# Low Voltage Transformer Trouble

Discussion in 'Landscape Lighting' started by jimmy1111, Jan 19, 2009.

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1. ### INTEGRA Bespoke LightingLawnSite Platinum Memberfrom Muskoka, Ontario, CanadaPosts: 4,102

Well I have posted over 2000 times on this forum, and I have to say that this thread is probably the worst yet. Even "Pete's" participation was better then this drivel.

Jimmy, you do what you need to do, and the rest of us will do what we know is right.

Now, can we end this?

2. ### jimmy1111LawnSite Memberfrom philadlephia, paPosts: 56

James...go your rocket science LED made-up already !!!...we are all expecting free 20 LED supplies ...or you need to chip some your canadian stack to this site by now after 2000 posts for your LED...let's admit it you owe it to this site

3. ### INTEGRA Bespoke LightingLawnSite Platinum Memberfrom Muskoka, Ontario, CanadaPosts: 4,102

Pardon me? Perhaps you could re-state that in english?

5. ### Chris JLawnSite Silver Memberfrom Maldive IslandsPosts: 2,830

Bartender, I'll have another.

6. ### TXNSLightingLawnSite Fanaticfrom DFW, TXPosts: 6,462

Make that a double.

7. ### VenturewestLawnSite Senior Memberfrom Rocky Mountains!Posts: 513

Okay Jimmy, I am going to be nice and answer this question once and for all and hopefully end this thread. I apologize in advance if this has been answered somewhere in the previous 9 pages!!!!

A widely accepted formula for calculating voltage drop is:

Vd= Length x Watts/ Cable Constant

There is a chart that lists the cable constants for low voltage cable: I will list the relevant few:

#12 CC is 7500
#10 CC is 11920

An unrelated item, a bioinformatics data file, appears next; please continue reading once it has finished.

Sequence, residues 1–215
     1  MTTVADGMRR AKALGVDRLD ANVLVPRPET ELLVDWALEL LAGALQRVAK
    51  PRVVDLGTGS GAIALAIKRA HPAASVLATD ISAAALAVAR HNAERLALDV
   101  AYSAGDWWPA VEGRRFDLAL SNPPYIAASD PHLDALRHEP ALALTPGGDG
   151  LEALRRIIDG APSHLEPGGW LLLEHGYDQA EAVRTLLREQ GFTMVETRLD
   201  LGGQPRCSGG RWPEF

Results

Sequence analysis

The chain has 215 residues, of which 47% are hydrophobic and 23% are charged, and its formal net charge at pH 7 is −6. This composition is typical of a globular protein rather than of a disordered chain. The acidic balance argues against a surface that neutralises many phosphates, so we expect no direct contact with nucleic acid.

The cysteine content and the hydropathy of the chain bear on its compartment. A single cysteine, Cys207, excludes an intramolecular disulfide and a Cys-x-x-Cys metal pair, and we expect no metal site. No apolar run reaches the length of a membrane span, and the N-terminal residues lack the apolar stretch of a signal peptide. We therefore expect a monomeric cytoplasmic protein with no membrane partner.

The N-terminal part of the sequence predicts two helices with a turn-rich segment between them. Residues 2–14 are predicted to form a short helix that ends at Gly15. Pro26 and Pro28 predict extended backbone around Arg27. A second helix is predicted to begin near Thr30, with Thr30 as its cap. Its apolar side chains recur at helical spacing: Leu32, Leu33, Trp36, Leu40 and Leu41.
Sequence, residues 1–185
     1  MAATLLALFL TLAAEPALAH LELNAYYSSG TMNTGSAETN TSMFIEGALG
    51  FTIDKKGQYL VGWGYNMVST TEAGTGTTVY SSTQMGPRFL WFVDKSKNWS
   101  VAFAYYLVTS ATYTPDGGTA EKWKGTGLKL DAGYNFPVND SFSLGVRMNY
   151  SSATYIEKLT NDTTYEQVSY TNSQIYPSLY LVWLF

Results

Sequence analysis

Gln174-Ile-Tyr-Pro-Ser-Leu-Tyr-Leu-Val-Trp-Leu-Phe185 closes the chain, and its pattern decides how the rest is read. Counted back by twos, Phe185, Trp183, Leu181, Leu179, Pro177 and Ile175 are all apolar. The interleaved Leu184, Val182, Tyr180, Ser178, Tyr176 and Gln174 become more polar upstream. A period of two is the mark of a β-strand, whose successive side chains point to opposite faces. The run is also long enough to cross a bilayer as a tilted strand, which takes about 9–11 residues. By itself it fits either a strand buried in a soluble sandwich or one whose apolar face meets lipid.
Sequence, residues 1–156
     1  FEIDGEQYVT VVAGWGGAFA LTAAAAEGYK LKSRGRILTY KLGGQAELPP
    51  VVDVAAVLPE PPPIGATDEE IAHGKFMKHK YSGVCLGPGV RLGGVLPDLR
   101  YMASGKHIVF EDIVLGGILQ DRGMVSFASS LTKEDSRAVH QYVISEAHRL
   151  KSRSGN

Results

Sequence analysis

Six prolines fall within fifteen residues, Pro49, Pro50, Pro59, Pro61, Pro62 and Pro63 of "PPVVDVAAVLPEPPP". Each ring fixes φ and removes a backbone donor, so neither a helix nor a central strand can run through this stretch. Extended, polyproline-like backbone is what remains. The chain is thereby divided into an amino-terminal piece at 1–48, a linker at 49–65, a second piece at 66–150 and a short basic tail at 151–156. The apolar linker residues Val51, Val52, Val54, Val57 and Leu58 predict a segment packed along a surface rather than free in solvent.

#8 CC is 18960

If you use the loop method and come back to the transformer you are effectively using 2 runs of 12 gauge wire. This is a common meathod, not a big deal.

You end up with a wire constant of 15,000

So, 2 x 12 gauge has less drop than 10 gauge but a little more than 8 gauge.

If you do one of your examples:
250 Watts at 100' and run a 12 gauge loop then formula as follows.

100' x 250/ 15000 = 1.67 volts as your drop
That is basically what you came up with.

As you can see the loop isn't magic and it also isn't intrinsically evil. It doubles your wire.

One thing to keep in mind is that you still can't exceed the amps for your wire but you seem to know that.

Also, you could just have 2 separate runs of 12 gauge, say one runs to 3 lights and the other runs to 3 lights instead of a loop that runs to all 6.

One other thing to note also. This is a parallel circuit as is every other method of wiring in low voltage AC. Same as in a home.

The only way to effectively combat VD is with antibiotics. But Vd can be dealt with using effective wiring methods.

8. ### VenturewestLawnSite Senior Memberfrom Rocky Mountains!Posts: 513

One more note. 12 gauge wire is only rated at 20 Amps. That is 240 Watts at 12 volts of course.

I guess NEC requires any electrical device operating 3 hours or more to be derated to 80% capacity. (I got this out of Unique's lighting manual)

9. ### jimmy1111LawnSite Memberfrom philadlephia, paPosts: 56

Thanks for the details....but the VD seems to be conflicting with other sources.

10. ### JoeyDLawnSite Silver Memberfrom Escondido, CAPosts: 2,933

you need to multiply by 2.........